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District Superior's
Letter to Friends & Benefactors

November 2000

You all shared our great hope for the consecration of Russia by the Pope and the bishops on October 8, and you were all, I am sure, bitterly disappointed that it was not done. Clearly we have not prayed enough, we have not sanctified ourselves sufficiently, we have not consecrated ourselves sufficiently to the Immaculate Heart to win the grace of the consecration of Russia to the Immaculate Heart, the triumph of the Immaculate Heart and the time of peace. Not of course that our prayers were useless. They will certainly bring many graces on those who live united to the Blessed Virgin Mary, and will bring many souls under her mantle. However, be prepared to bear the evils of these times of so little Faith.

The Pope in fact performed an "Act of Entrustment to Mary Most Holy". You who might wonder what this novelty of "entrustment" is. It is a watered down version of consecration, especially designed not to offend protestants, who believe that to consecrate ourselves to anybody other than God is to detract in some way from the worship due to Christ. This is of course entire nonsense, since Mary’s soul is the purest and most perfectly consecrated to Almighty God, so that everything and everyone who is offered and consecrated to her immediately belongs to Her Divine Son. However, this strange, false ecumenical concern is apparently enough to bypass the requests of the Mother of God, and to substitute what Archbishop Tarcisio Bertone, Secretary for the Congregation for the Doctrine of the Faith, defines in this way: "Entrustment acknowledges our need for help from God and is a plea for Mary’s intercession for that aid".

Entirely different from this vague sense of our need for God’s help and for Mary’s prayer, is a consecration. A consecration of something sets it aside as sacred, cutting it off from everything profane, ordinary and secular, so that it can belong entirely to God, and become truly sacred. This is a duty not just for sacred objects such as altars and chalices, and not just for consecrated persons, such as priests and religious, but for every baptized soul. As Saint Louis Grignon de Montfort points out, consecration to the Blessed Virgin Mary (and the same can be said of her Immaculate Heart) is but the means to live the consecration of our baptism:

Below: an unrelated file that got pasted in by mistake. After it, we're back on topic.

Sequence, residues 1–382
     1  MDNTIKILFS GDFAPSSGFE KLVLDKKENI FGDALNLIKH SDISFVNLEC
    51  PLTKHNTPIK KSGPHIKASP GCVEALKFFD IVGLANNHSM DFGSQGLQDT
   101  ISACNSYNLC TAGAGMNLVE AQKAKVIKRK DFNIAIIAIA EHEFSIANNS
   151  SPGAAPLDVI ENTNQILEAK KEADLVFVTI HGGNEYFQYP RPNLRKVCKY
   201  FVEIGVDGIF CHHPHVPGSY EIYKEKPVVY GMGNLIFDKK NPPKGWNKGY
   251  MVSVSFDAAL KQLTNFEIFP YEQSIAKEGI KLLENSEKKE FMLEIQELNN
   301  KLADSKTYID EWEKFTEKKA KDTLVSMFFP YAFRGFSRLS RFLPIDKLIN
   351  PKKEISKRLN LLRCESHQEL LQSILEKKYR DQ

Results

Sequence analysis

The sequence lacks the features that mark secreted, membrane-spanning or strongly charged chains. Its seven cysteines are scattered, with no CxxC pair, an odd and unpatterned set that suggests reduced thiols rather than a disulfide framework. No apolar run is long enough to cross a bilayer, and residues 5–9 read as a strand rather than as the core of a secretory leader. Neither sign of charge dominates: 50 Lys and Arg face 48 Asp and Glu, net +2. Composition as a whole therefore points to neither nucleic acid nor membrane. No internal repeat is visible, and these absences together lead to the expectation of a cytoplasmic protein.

"All our perfection consists in being conformed, united and consecrated to Jesus Christ; and therefore the most perfect of all devotions is, without any doubt, that which the most perfectly conforms, unites and consecrates us to Jesus Christ. Now, Mary being the most conformed of all creatures to Jesus Christ, it follows that of all devotions, that which most consecrates and conforms the soul to Our Lord is devotion to His holy Mother, and that the more a soul is consecrated to Mary, the more it is consecrated to Jesus. Hence it comes to pass that the most perfect consecration to Jesus Christ is nothing else but a perfect and entire consecration of ourselves to the Blessed Virgin...or in other words, a perfect renewal of the vows and promises of holy Baptism." (True Devotion, Part II, I)

How tragic it is that men of the Church would put aside such a sacred treasure, in the name of secular humanism and of not offending non-Catholics. Not only was this entrustment not a consecration, but in addition it did not mention Russia. It was the new millennium that was entrusted, but without the separation from the spirit of the world that is essential to a consecration. Here is the most important part of the formula: "To you, Dawn of Salvation, we commit our journey through the new Millennium, so that with you as guide all people may know Christ, the light of the world, and its only Savior, who reigns with the Father and the Holy Spirit for ever and ever. Amen." It is a good time for us to remember that Russia will only convert if it is consecrated, separated from the world’s atheistic spirit of rebellion, and that we will only contribute to the Church as we ought if we are truly and totally consecrated to Jesus through Mary, as St. Louis Grignon de Montfort instructs us. Let us renew this consecration for the latter times, or if we have not yet done it, prepare ourselves for it.